Given that Anches En Maat is Grails‘ first album since 2017’s Chalice Hymnal, their first together-in-studio recording in 15 years, and a return to standard album length, an epic quest to interview Grails was required. Over forested dales and gravel roads of Oregon, I traveled to the inaugural Lunasa Cascadia festival for Grails’ first show in four years. In true underground fashion, festival attendees were either performers or dedicated druids. Ritualistic, intimate, and rife with every metallic resonance—from Kayo Dot to Faun Fables to bonfire witches—the scene was an initiation.
I gather the founding members Emil Amos and Alex Hall with their talent in tow: AE Paterra (keys), Ilyas Ahmed (guitars), Jesse Bates (pedal steel, etc.). We descend into a musty basement bar under Dundee Lodge—the only quiet place amidst the festival’s exquisite soundscapes. The 100-year-old lodge was once a Prohibition Era party compound. Despite the dankness, Grails emanate their own distinct, illicit spirit.
Amos, multi-instrumentalist in multiple projects Om, Holy Sons, Lilacs & Champagne, Zone Black (and the Drifter’s Sympathy podcast), launches into a condensed Grails’ history. His knowingness vibrates with an irascible will and profundity analog to his drumming. With the 20th anniversary of The Burden of Hope reissued by Neurot Recordings, reflections are heightened: “At the beginning, we just thought that we could try to be as free as possible, but being kids that grew up that weren’t true jazzers, we had all these fetishistic influences.” Emil then nods to the Pacific Northwest’s strongholds: Pavement fever dreams, the punk regency of Sun City Girls, and the creativity of Jackie-O Motherfucker, whom Amos honors as “a band in Portland showing us locally that you just could have absolutely no rules”.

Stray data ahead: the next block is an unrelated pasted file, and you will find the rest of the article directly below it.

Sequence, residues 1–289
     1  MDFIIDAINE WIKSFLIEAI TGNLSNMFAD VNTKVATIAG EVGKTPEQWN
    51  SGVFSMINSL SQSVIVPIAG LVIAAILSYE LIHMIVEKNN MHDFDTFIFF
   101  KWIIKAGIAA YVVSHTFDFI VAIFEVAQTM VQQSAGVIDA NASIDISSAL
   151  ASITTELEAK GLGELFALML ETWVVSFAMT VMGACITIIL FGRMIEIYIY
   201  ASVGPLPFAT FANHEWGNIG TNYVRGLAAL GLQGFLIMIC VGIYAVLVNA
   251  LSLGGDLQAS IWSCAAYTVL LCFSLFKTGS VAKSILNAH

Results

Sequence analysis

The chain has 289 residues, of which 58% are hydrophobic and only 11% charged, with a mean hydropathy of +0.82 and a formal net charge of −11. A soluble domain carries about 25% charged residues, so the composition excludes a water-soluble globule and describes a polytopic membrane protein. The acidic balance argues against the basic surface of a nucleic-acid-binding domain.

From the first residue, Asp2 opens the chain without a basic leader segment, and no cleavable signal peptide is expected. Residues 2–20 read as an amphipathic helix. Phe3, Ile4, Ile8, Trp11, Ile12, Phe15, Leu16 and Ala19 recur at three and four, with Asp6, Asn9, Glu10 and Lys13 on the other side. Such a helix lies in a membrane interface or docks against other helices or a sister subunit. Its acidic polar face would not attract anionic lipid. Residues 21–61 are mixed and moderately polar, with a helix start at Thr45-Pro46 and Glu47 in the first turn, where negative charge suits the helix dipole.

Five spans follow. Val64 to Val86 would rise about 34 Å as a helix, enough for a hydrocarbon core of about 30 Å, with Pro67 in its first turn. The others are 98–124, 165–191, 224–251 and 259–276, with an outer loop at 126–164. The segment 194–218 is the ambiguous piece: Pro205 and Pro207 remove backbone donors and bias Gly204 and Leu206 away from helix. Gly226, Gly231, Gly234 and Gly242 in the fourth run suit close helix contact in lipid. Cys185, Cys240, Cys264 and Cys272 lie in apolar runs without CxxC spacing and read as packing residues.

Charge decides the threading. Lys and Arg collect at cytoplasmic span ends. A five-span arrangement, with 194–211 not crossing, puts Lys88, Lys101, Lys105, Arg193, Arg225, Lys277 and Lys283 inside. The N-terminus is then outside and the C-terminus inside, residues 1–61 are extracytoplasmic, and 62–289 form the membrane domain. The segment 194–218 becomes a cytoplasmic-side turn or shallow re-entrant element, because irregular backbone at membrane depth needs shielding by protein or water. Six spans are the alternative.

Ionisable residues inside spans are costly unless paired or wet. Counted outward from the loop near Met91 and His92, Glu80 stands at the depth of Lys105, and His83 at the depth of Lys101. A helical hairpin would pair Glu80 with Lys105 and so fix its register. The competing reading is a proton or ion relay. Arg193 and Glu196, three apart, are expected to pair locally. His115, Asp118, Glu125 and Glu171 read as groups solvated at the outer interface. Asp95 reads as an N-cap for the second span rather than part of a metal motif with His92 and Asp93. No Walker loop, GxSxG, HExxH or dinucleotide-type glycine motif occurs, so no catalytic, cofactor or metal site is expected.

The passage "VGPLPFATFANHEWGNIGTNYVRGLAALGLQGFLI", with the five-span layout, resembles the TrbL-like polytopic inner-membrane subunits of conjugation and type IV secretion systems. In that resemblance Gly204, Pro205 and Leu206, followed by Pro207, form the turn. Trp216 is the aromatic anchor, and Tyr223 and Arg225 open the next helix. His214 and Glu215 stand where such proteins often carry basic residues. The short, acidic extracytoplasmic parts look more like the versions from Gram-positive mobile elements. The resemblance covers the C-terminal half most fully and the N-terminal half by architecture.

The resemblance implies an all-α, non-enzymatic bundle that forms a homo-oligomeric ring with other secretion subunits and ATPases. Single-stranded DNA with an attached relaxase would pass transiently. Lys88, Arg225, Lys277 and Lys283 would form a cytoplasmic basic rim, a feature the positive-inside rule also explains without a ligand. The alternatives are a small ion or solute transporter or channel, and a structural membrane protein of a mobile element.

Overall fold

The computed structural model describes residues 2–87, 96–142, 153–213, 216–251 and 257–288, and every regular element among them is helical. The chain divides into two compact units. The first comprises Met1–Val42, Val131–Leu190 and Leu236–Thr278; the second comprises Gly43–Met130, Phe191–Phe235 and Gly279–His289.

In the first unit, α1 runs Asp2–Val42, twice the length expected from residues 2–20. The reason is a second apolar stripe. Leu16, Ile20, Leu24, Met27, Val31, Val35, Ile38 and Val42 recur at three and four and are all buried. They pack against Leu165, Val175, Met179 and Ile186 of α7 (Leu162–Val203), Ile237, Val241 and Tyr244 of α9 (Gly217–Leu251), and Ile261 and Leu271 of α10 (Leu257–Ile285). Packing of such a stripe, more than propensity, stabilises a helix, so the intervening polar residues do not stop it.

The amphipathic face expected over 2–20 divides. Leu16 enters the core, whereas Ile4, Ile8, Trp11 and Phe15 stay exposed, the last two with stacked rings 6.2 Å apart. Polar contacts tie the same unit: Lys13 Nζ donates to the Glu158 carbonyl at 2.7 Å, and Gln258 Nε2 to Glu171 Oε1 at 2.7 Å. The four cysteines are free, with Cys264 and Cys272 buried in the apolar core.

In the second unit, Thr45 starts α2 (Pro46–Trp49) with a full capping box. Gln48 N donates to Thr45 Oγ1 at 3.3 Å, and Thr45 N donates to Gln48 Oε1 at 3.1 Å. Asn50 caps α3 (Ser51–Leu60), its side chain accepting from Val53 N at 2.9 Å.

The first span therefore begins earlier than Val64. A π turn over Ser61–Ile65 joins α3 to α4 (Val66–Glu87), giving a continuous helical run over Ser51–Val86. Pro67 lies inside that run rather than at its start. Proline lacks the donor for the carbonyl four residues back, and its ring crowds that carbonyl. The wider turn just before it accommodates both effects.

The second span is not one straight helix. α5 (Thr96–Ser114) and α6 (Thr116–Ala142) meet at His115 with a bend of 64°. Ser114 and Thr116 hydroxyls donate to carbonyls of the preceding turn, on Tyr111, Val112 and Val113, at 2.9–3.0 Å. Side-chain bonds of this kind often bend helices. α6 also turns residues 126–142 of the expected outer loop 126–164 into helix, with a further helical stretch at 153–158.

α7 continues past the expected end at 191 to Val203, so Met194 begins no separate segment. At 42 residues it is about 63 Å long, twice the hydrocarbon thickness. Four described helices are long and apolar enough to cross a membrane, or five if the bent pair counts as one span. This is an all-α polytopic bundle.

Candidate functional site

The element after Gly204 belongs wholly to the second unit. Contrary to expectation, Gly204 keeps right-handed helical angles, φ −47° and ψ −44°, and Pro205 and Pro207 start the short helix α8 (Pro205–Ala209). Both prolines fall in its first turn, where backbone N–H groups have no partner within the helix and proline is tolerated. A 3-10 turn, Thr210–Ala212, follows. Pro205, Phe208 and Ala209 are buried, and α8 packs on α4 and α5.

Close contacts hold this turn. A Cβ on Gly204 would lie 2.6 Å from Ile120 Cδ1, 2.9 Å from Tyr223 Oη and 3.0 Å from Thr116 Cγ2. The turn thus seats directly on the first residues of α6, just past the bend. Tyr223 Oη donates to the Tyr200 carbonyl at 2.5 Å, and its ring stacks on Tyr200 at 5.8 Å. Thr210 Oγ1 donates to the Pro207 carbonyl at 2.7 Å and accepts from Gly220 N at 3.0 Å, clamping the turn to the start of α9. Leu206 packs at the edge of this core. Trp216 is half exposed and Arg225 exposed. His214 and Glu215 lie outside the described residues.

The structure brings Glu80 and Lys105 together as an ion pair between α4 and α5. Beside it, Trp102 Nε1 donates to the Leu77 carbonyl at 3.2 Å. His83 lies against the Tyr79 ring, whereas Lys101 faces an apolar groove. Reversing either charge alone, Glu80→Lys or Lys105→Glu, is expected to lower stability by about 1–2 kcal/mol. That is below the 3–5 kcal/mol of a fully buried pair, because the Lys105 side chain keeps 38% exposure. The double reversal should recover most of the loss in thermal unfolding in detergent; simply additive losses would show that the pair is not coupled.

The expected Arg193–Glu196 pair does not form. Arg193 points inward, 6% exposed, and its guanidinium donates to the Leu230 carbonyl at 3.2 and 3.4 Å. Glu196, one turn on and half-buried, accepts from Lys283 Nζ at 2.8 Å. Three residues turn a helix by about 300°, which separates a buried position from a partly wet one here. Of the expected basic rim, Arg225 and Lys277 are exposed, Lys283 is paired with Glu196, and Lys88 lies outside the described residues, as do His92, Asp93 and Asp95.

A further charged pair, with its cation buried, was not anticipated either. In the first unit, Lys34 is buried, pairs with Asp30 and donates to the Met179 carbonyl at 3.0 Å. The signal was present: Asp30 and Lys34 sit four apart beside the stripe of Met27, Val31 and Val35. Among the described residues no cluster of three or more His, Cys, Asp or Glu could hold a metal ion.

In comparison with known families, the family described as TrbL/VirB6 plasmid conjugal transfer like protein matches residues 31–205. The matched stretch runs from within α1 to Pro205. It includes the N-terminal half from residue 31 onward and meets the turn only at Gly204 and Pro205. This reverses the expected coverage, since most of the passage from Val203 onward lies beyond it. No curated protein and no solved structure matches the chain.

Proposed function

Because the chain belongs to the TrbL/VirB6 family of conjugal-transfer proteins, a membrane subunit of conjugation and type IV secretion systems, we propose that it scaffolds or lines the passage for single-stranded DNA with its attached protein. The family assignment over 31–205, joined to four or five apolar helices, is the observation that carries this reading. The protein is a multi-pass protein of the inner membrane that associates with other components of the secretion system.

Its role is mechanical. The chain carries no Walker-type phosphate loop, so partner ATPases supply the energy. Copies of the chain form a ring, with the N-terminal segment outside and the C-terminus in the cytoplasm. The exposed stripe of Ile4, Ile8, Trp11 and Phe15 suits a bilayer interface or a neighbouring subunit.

Grails’ anarchy is evident as Amos seamlessly constellates to other notable influences: Led Zeppelin‘s heaviness, Brian Eno‘s creative artistry, and the grandness of global music. “Grails never really borrowed any one thing for very long. It was always like we get into Turkish music, and it’s boom! Now it’s in one song. On the next record, we get into this particular part of German music—it’s on half of the next record. It’s always moving. Like we’re into French music, but we don’t stay on it too long.”
With a similar velocity, Emil downloads Grails’ tender truth: “What you’re seeing in The Burden of Hope to Burning Off Impurities to Black Tar Prophecies to Take Refuge to all the way to Anches En Maat—is that we’re showing you our appreciation of life—of other people—and we want to be part of this international dialogue.” Laughing over the contradiction of their societal disdain, they agree with Amos that their work is “a flexing and a flaunting of our love for other people. It’s saying, don’t you love it too? Don’t you love the history of music?”
Certainly that night, Grails’ set showcases a historical richness, playing “Word Made Flesh” (Redlight), “I Led Three Lives” (Deep Politics), “Sisters of Bilitis” (Anches En Maat), “Immediate Mate” (Doomsdayer’s Holiday), “The Burden of Hope” (The Burden of Hope), “Belgian Wake-Up Drill” (Black Tar Prophecies), “Sad and Illegal” (Anches), and “Space Prophet Dogon” (The Burden of Hope) for a crowd that couldn’t believe their sonic luck.
Retrospectively, Anches En Maat returns Grails to an earlier self, what Alex Hall describes as finding “ourselves with ‘nothing to prove’ again for the first time since that early part of the band. Those first records were made in a relative vacuum, with no natural dialogue with the larger context of underground music outside. Then, we spent 20 years reacting to others’ perceptions of the band and actively digesting all of the musical input. Along the way, we crafted our own language that we now speak comfortably.”